Being a rather huge movie buff, the importance of lighting has always been something I’ve taken an interest in, especially in homes. The type of light fixtures you put in each of your rooms is integral to the mood of that room and the overall personality (and style) of your home. Whether it happens to be recessed, chandelier, wall sconces, pendant, or soffit, it says something about what use you want to get out of the room and what atmosphere you want it to capture. And, like most things, both of these facets can change rather quickly, so if you’re looking to get more ambitious with your DIY home repairs, it’s a good starting place for electrical work.
For tools, you merely need the new light fixture, wire cutters, a flathead screwdriver and something to stand on (depending on where they are placed and/or your height). Get to your power supply and shut down power to that part of the house, as to ensure no one gets zapped or worse. If there are decorative glass covers surrounding the light bulbs, remove them along with the light bulbs and only then unscrew the old fixture – there should be easy-to-spot screws holding it to the wall and the electrical box. In some cases – it’s more common in older fixtures – you will also have to unscrew mounting brackets that are helping to hold the fixture in place.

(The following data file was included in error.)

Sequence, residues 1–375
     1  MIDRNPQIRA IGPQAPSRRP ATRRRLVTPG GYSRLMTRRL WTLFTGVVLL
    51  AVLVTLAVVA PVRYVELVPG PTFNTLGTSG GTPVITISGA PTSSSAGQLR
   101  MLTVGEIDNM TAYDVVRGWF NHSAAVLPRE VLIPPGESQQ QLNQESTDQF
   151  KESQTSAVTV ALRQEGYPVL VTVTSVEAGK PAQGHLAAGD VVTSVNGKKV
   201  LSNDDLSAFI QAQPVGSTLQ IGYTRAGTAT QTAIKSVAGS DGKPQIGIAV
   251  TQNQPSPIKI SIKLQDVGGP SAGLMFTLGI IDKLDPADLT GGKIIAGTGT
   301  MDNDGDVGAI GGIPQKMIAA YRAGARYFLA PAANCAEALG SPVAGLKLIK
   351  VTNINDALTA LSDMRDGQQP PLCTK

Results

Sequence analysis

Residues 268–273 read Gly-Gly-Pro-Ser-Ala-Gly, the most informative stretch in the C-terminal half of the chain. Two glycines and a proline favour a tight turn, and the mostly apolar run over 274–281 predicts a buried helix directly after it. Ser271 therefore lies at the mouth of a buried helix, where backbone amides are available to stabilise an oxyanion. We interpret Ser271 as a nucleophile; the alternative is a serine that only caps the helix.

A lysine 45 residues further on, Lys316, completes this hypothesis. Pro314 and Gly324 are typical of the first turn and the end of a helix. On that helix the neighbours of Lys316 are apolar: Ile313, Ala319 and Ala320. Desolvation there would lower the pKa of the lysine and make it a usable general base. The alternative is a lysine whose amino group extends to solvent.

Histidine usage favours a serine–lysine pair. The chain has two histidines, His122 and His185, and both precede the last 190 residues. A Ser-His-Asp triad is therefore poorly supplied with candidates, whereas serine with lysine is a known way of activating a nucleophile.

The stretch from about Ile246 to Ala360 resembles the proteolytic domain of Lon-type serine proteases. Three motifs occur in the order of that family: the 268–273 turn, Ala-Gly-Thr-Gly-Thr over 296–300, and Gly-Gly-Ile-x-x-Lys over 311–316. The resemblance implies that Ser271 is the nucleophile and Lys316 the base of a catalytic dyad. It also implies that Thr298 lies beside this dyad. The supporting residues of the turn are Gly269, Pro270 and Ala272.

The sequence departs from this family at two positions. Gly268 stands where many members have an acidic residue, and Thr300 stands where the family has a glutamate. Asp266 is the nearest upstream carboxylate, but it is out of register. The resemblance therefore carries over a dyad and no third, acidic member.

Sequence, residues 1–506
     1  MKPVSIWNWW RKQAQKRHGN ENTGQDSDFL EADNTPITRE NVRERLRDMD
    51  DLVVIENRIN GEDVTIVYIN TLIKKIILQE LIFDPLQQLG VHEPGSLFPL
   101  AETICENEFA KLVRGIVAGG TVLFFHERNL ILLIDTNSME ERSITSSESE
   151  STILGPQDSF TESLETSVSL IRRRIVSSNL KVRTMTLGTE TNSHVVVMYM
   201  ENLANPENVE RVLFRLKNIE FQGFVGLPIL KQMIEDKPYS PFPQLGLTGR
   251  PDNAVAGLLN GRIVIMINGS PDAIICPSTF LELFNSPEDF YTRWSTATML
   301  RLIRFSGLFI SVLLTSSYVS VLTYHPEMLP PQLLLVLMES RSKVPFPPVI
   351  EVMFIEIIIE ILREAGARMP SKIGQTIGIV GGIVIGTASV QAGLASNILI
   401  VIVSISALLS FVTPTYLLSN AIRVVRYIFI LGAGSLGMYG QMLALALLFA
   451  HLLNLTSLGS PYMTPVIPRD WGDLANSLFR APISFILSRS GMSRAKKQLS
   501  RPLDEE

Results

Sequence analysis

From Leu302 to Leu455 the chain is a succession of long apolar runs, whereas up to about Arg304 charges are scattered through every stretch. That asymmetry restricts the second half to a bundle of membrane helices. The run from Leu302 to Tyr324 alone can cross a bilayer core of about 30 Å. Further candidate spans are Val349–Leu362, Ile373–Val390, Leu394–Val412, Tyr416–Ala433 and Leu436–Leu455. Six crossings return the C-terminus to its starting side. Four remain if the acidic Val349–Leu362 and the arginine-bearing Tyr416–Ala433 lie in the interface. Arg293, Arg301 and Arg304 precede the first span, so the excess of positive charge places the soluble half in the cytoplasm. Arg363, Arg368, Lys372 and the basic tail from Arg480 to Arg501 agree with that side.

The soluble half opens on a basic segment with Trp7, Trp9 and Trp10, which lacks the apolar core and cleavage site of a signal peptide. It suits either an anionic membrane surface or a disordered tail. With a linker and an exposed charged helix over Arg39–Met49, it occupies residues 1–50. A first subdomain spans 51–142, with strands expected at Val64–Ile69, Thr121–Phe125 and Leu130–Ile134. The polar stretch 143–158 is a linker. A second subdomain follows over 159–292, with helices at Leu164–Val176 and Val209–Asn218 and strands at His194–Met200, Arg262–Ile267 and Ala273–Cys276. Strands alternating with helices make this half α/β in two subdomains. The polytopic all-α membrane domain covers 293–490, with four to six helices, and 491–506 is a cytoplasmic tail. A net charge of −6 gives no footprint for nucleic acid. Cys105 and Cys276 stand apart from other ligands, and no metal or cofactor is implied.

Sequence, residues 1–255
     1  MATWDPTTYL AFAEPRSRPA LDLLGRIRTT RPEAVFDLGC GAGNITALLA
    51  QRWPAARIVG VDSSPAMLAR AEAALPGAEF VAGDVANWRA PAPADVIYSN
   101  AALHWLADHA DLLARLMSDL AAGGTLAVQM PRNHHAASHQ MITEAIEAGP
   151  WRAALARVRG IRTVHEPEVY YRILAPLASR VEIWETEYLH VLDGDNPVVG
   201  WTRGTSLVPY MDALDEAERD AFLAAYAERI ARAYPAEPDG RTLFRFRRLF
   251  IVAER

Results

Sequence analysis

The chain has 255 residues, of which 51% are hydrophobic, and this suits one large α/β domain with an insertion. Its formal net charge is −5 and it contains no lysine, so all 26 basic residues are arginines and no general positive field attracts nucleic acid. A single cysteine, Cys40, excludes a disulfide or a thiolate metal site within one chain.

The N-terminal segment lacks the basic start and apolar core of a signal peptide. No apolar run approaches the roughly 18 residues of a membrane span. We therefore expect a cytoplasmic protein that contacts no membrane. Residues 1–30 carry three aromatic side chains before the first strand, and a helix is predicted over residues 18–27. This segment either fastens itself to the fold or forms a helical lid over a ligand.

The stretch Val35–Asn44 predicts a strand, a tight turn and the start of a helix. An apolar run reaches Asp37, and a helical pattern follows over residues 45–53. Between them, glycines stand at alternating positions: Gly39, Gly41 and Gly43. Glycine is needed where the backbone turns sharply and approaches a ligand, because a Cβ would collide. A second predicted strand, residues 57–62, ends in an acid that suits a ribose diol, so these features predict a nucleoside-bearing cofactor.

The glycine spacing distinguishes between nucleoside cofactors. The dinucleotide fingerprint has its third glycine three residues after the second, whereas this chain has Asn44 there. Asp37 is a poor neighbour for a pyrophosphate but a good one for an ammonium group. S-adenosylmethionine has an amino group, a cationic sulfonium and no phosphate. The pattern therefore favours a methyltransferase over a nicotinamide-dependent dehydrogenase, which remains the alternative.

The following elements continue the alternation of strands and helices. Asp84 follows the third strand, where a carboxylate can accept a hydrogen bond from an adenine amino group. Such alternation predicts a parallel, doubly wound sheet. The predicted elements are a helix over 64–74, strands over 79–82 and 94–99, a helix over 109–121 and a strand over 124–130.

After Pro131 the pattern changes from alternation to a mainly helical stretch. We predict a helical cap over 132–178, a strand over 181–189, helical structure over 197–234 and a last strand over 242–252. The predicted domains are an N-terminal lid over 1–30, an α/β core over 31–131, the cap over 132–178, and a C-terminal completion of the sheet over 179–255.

Take special care to notice how the wires are connected to your old fixture: they will like be either connected with the screws on the existing fixture or there will be wires coming out of the fixture that are directly connected to the wires in the electrical box. Have a pen and paper handy to write things like this down and when you disconnect the wires, also note color or size of the wires so you can easily attach the new fixture.
Once you have the information down and your old fixture has been set aside (or has found its new home in the garbage can), it’s time to connect the new fixture. If it connects with the screw, the black screw should go with the brass screw while the white screw should be connected to the silver screw; the ground wire (green or copper) will connect to final screw, which is usually colored green. As for direct wire connections, use the wire nuts provided with your fixture and just connect colors correspondingly (black to black etc.). Screws will be provided with the fixture to mount the new fixture in the designated spot and then all you have to do is flip on the power to test.
If there’s a problem, or if electrical work is (understandably) the one area of home improvement you’d rather leave to the professionals, it’s best to find a trusted electrician to check it out/do the work. Otherwise, this should make it easier if you ever want to change the lighting in your living/entertainment room in time for movie night.